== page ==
Trump officials take new step forward on Kentucky Medicaid work requirements

Trump officials take new step forward on Kentucky Medicaid work requirements
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The Trump administration is taking a new step forward on its plan to impose work requirements in Kentucky’s Medicaid program, despite a federal judge blocking the move last month.

The federal Centers for Medicare and Medicaid Services (CMS) said Wednesday that it is going to reopen a new 30-day comment period on Kentucky’s plan. The move could allow the administration to show that it is giving further consideration to concerns about the proposal, after the judge ruled that officials did not give adequate consideration to the coverage losses that could result.

Work requirements for Medicaid are a top priority of the Trump administration, as well as CMS Administrator Seema Verma, and the move shows that officials are trying to find a way forward, rather than backing down in the face of the judge’s ruling.

“CMS is planning to open a new 30-day federal public comment period on the KY HEALTH demonstration to better inform any future decision on the demonstration that was remanded back to the Department for further review,” a CMS spokesperson said.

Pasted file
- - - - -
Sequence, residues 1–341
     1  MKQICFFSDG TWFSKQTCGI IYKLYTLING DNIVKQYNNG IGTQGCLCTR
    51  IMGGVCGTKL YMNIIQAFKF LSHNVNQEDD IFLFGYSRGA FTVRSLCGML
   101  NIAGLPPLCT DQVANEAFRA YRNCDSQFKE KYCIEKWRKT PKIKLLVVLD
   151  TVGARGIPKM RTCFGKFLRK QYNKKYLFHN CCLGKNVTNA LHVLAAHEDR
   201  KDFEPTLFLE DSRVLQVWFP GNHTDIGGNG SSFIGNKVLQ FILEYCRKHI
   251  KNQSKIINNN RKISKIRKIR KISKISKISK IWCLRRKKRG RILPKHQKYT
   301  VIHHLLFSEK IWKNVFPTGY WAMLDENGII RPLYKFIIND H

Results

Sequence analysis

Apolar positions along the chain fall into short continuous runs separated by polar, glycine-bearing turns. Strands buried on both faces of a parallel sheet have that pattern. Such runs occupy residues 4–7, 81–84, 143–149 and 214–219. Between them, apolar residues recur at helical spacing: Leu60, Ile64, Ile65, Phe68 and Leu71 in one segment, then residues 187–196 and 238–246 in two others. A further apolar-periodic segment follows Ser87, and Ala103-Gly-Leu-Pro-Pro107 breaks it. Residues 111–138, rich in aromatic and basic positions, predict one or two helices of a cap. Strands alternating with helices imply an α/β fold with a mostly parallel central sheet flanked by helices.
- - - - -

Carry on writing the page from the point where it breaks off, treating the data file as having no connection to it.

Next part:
Politico first reported the move from CMS on Wednesday.

Judge James Boasberg of the U.S. District Court for the District of Columbia, ruled last month that the administration did not adequately consider the state’s estimates that 95,000 people would lose coverage due to the work requirements.

If the administration’s new move to open a new comment period does not address the judge’s concerns, officials can also appeal the decision to a higher court.

The Trump administration argues that “able-bodied” adults on Medicaid should have to work to receive benefits.

Democrats counter that the requirements simply cause people to lose coverage, including those who do work but who get caught up in bureaucratic hurdles trying to prove they meet the requirements.

Four states, Kentucky, Indiana, New Hampshire, and Arkansas, currently have been approved by the administration for Medicaid work requirements, with others hoping to move forward as well.